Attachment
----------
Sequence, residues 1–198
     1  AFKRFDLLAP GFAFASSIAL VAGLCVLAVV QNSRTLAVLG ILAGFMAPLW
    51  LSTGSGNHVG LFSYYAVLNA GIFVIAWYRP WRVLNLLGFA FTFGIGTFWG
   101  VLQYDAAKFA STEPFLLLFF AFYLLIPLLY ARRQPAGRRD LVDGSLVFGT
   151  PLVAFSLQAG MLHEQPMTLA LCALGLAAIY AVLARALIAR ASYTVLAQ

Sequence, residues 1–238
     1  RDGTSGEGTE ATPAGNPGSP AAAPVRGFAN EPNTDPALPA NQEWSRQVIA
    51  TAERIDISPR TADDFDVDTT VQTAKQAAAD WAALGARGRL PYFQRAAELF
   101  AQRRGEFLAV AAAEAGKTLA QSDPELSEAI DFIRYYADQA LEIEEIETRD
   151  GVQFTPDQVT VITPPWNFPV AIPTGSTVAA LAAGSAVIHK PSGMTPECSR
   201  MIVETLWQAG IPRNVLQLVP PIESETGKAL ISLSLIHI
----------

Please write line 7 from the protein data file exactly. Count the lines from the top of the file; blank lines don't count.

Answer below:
     1  RDGTSGEGTE ATPAGNPGSP AAAPVRGFAN EPNTDPALPA NQEWSRQVIA